The show includes works by artists from nearby and around the world. Individually, each book illustrates a unique creative approach; collectively, they demonstrate how vibrant and prolific this little known genre of artistic engagement has become.
Artists’ books emerged as an art form relatively recently, in the early 20th century. Early examples, typically cheaply made in small editions or as one-of-a-kinds, often defy traditional notions of what constitutes a book and communicate nonconformist, anti-establishment sentiments and disdain for traditional publishing.
These early works, which were influenced by such avant-garde movements as Dada, Fluxus and “Founds,” have been eclipsed in recent decades by books that promote less combative agendas, focusing instead on visual appeal and choice of materials. They tend to employ a more traditional graphic and textual vernacular. Taken generally, artists’ books have become more sophisticated, more complex, more elegant, more prolific and more expensive.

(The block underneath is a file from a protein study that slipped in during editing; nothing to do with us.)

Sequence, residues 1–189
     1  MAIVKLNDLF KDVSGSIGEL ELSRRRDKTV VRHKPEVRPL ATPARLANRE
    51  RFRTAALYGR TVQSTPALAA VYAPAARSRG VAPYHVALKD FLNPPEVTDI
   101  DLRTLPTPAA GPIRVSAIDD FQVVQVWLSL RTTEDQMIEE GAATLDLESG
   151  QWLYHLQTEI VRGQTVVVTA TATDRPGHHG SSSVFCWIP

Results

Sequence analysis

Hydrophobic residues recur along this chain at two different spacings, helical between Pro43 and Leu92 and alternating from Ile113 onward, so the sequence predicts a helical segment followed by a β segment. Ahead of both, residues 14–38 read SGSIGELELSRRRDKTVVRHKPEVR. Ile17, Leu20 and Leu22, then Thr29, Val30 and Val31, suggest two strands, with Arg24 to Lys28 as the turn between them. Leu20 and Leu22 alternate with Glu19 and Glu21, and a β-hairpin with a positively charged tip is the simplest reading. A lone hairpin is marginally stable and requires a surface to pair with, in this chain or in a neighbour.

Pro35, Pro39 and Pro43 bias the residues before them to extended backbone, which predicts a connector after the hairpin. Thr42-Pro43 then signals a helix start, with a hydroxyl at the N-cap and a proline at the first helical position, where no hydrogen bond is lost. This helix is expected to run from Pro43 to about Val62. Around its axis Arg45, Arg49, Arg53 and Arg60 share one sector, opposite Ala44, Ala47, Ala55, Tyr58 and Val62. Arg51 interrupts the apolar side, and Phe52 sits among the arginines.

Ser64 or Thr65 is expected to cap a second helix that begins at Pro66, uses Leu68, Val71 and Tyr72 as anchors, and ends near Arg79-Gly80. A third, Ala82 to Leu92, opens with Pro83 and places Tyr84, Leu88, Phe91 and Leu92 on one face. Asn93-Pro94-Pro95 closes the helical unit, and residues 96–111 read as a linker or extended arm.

Artists’ books are intriguing, sometimes provocative, and always visually engaging, because they convey artistic expression outside the norms of traditional textual communication or illustration. They require us as “readers” to come to terms with the book’s meaning through the intimacy of handling and visual exploration — and by re-examining our own assumptions about how we communicate with one another.